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Vv' f "-V'i-i''2S
A Romance of the Stage,
SO you wonder why a
lellow with my tal
ent should have left
the stage, do you?
Well, Ferd, I'm much
obliged to you for
your little compli
ment, so I'll tell you
my true reason,
which is known to
but f ewpeople, either
in the profession or
out of it.
"The last three
years of my public
life were quite successful. I was lucky in
having a tip-top fellow for manager Gus
Bailey, an honest, square man, who could
keep his own secrets and other people's too.
"Like most actors, 1 was not quite satis
fied to play the parts for which I was best
adapted; my "old men" pleased the public
far better than they did me. 1 preferred
theltomeo business, and once in a while
Bailey consented to Ml me for such parts.
"By one of these coincidence which really
do occur now and then, Murray, our lead
ing young man, broke his hip just at the
timelllle. d'Esterrc joined us, audi, having
been longer in the company than any other
man, was cast in his place. This made an
cnemyfor me of Lawrence, who firmly ex
pected the promotion, but I cared little for
"Had the whole company been down on
me I would not have known it, for it was
patent to me as well as others that our new
star was quite well satisfied with the
change in her stage lover. Lawrence was
a capital actor, but his private life was not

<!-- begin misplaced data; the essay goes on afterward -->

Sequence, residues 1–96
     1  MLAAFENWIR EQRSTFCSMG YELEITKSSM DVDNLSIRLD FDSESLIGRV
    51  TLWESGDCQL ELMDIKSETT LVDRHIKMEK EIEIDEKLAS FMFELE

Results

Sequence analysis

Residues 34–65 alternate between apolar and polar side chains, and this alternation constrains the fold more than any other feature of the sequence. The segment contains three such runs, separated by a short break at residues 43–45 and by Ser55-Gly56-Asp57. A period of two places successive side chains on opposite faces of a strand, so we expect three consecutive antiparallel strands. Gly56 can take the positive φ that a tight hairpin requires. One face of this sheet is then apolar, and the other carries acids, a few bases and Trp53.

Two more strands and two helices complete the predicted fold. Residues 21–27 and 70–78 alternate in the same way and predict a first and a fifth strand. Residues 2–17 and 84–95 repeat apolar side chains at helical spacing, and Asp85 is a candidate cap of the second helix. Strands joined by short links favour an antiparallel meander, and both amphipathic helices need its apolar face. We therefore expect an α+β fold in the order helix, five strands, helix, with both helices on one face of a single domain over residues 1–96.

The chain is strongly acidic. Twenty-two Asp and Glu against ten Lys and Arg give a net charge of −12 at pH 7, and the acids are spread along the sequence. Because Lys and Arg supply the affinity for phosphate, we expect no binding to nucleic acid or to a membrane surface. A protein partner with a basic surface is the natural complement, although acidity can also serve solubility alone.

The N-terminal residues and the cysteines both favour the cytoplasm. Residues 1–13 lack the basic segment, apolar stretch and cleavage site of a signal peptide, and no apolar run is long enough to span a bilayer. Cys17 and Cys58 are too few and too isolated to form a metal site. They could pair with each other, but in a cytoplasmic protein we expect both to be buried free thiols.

of the best, and that was one reason
why he did not get the vacant berth; occa
sionally he would becomo loo hilarious to
be depended upon and his undcr-study did
not enjoy a sinecure.
" How muchyou mustcnj03 the 'Pastime
of an Hour,' Mr. Osmynl" said Mile.
d'Esterre to me.
' 'Why so?' I said, in surprise.
" 'I always see you in the wings, when you
arc not on the stage, through the whole of
this act,' she answered.
"I was fluttered; this young and pretty
girl with the fanciful French name was an
honest, simple-hearted American girl with
out either flightinessor prudery, aud I was
glad that she took note of where I was. I
"'One must stand somewhere, and my
waits are very short.'
''Dojou know,' she added, sinking her
voice almost to a whisper, 'it is a real com-
BUT LOVE IS MORE ARDENT THAN FIRE."
"fort to me to know that you are so near. I
lnrc say you will think mo very silly, but I
never feel quite easy until Mr. Lawrcuco
has stamped on that burning paper; my
dress is very fluffy and"
' "Have no more uneasiness,' I said, truth
fully. 'I, too, dislike that business and I
watch your dress as carefully as if I were
I dared not say more nor speak in too ten
der a tone, for Lawrence had drawn near
and was scowling fiercely at us. I fancied
that he was not quite himself.
"Tho second scene in our play was a
hackneyed one. Lawrence, the unsuccess